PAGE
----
February 22, 2002

Series Hopes To Revitalize Humanities

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In an effort to revitalize the study of the humanities at Cornell, 15 faculty members, administrators and postdoctoral fellows have been meeting once a week since Sept. 2001 as part of the Andrew W. Mellon Humanities Seminar.

This year’s seminar is the first part of a five-year program which aims to “provide faculty with interdisciplinary opportunities to think about how to reinvigorate the humanities in their research and teaching at Cornell,” said Prof. Michele Moody-Adams, philosophy and director and Hutchinson Professor of ethics and public life. Moody-Adams is a co-leader of the program along with Prof. Mary Beth Norton, history and American studies and Prof. Nick Salvatore, ILR collective bargaining, law and history and American studies.

The program theme for this first year is “race and ethnicity.” Each year, the program will take up a different theme. According to Moody-Adams, topics for other years may include “visual studies” and “ethics and responsibility,” among others.

“The seminar focuses on scholarship on race and ethnicity in a variety of different fields — literature, government, sociology, history, philosophy, science, religion — in the context of the U.S.,” said Norton.

The subject of the seminar changes weekly, and pertains to readings done by program participants in preparation for the weekly meeting. Past and proposed seminars include discussion of the human genome project, race and gender, immigration patterns as related to race and ethnicity, and the philosophical controversy surrounding group vs. individual rights. Readings have included, Maxine Hong Kingston’s Woman Warrior, Matthew Jacobson’s Whiteness of a Different Color, and Toni Morrison’s Playing in the Dark: Whiteness and the Literary Imagination.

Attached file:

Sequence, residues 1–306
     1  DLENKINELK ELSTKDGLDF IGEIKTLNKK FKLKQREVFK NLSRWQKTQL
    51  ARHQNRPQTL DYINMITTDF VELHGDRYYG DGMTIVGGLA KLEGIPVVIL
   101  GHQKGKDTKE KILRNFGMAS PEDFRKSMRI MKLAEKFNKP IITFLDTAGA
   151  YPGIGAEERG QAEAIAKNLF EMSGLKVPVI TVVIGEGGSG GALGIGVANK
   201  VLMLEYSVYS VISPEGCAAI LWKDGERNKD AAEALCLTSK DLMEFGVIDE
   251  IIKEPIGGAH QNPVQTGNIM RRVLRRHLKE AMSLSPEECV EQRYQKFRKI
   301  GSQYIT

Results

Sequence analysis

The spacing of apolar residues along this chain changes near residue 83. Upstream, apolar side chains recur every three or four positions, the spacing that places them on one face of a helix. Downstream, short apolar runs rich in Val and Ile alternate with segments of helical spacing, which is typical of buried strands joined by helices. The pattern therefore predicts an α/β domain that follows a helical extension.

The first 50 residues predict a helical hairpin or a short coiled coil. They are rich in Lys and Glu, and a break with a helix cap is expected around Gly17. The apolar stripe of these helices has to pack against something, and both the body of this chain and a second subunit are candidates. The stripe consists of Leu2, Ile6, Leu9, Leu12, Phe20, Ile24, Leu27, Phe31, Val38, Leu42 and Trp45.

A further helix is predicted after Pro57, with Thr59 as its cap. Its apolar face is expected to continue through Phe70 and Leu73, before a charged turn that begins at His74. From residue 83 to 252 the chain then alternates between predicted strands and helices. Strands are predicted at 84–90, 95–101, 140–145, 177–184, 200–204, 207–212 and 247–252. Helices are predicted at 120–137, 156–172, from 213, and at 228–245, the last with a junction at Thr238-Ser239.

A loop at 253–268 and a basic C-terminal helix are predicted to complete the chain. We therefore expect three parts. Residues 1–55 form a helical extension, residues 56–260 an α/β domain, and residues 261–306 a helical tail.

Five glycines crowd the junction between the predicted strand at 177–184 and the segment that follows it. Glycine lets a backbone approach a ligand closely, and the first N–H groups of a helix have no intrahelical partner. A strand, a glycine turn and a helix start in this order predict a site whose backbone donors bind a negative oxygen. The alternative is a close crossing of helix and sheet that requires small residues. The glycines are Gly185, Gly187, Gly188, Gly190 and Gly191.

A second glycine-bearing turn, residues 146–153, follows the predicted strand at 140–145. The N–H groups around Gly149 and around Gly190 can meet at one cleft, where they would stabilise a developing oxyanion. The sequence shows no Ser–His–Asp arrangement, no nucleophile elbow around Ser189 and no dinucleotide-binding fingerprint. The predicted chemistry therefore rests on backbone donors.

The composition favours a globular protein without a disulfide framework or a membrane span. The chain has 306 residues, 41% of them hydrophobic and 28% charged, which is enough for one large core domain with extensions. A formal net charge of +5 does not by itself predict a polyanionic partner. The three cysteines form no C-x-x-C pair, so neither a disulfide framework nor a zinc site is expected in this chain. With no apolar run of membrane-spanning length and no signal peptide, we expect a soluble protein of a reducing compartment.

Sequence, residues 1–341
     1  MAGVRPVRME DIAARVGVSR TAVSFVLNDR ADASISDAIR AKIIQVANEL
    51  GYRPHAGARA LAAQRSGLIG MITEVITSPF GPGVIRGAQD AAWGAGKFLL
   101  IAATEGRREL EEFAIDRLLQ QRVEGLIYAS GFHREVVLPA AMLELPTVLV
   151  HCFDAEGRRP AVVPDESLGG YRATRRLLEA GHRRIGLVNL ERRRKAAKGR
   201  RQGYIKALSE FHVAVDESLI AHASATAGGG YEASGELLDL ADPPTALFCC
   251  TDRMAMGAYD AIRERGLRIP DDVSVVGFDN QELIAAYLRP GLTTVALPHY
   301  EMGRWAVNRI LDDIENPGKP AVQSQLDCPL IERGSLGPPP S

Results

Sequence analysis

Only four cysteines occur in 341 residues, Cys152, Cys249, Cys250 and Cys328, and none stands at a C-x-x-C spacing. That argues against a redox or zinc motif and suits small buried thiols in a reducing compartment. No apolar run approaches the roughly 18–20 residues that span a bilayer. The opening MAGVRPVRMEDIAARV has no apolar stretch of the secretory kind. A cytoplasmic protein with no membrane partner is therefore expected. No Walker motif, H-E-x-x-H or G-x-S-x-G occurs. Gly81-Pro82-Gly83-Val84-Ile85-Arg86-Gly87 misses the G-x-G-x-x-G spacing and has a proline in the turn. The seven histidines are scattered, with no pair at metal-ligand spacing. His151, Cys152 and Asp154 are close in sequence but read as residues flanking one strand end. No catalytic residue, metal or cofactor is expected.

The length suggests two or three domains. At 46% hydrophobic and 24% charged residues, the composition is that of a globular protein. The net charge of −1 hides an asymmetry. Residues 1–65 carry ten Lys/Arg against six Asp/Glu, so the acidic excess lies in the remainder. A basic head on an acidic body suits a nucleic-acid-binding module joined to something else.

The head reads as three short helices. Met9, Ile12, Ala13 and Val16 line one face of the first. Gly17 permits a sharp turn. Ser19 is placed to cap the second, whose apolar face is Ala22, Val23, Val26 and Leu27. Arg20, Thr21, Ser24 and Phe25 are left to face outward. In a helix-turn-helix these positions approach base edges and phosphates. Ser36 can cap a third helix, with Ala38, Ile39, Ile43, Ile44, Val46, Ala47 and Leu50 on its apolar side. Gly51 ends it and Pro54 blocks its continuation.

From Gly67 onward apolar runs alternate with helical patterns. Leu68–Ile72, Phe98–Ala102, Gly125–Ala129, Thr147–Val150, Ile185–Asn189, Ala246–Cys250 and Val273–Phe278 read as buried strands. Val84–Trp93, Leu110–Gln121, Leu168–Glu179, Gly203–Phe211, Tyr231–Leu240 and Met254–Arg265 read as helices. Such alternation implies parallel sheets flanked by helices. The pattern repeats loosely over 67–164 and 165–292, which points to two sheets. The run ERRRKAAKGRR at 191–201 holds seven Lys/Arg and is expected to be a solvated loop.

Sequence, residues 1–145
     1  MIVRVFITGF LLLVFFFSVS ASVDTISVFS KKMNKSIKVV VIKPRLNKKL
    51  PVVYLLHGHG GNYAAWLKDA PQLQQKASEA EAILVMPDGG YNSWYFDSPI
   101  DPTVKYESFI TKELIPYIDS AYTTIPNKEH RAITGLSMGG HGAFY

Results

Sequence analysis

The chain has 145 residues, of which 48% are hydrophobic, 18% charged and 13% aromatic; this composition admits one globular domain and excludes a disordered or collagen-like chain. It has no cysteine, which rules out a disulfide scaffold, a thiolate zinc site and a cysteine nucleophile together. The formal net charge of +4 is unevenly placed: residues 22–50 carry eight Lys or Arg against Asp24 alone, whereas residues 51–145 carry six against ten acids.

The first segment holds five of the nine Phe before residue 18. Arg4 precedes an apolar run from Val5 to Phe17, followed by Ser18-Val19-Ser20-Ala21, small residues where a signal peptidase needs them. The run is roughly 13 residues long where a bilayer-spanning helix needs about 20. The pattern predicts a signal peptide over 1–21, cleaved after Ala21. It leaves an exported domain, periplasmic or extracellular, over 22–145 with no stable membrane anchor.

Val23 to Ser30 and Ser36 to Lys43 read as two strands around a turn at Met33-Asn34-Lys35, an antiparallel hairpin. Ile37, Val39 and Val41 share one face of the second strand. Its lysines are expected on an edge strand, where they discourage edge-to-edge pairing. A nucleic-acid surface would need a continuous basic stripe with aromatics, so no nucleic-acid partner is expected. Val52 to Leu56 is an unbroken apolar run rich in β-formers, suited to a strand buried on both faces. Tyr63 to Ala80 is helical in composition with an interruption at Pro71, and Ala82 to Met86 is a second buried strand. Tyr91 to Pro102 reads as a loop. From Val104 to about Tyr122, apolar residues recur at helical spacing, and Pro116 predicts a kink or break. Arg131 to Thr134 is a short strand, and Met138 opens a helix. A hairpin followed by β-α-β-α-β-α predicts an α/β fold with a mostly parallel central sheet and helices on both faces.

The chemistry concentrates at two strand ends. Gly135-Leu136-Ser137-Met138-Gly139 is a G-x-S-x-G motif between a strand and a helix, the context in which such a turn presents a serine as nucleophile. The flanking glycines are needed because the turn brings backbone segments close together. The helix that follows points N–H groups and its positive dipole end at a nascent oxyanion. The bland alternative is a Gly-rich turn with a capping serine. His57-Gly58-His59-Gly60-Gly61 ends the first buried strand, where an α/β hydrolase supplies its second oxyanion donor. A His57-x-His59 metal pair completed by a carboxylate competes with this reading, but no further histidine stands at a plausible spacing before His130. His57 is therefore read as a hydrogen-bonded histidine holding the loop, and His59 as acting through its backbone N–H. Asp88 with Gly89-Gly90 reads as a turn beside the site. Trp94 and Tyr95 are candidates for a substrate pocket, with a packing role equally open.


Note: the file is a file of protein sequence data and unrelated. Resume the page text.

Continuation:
The scholarly enterprise is the result of a $1.4 million grant from the Andrew W. Mellon Foundation. Initial discussion about the program began among senior administrators — many involved with the humanities — including President Hunter R. Rawlings III, Provost Biddy (Carolyn A.) Martin, Philip Lewis, dean of the College of Arts and Sciences and Jonathan Culler, senior associate dean of the College of Arts and Sciences.

“The Mellon foundation was interested in proposals for programs that would support intellectual exchange and innovation in the humanities, while helping recent Ph.D. recipients in the humanities find stimulating positions at research universities,” Martin said.

“In consultation with President Rawlings and me, Vice Provost Walter Cohen wrote a proposal for funds to support an annual, year-long faculty and postdoctoral seminar on topics that would change from year to year,” she added.

Rawlings, Martin and Cohen all attend the weekly seminar.

This seminar was partially modeled on an on-going seminar in the Social Sciences, overseen by Prof. Peter Katzenstein, government, and funded for the past two years by Atlantic Philanthropies. Rawlings and Martin have also been attending the Social Sciences seminar for the past year and a half.

Rawlings described the humanities program as, “an intellectual free-for-all. It’s a chance for intellectual discussion with faculty members from different departments, a very able, talented [group].”

According to Martin, the selection of the coordinators was the responsibility of the president, the provost, vice provost, and the deans of Arts and Sciences.

The Mellon Foundation, a not-for-profit organization established in 1969, aims to aid and promote scholarship and public welfare programs, for charitable, religious, scientific, literary or educational purposes. In addition to offering grants to institutions of higher education, the foundation also endows various institutions associated with cultural affairs and the performing arts, with conservation and the environment and with public affairs.

Archived article by Laura Rowntree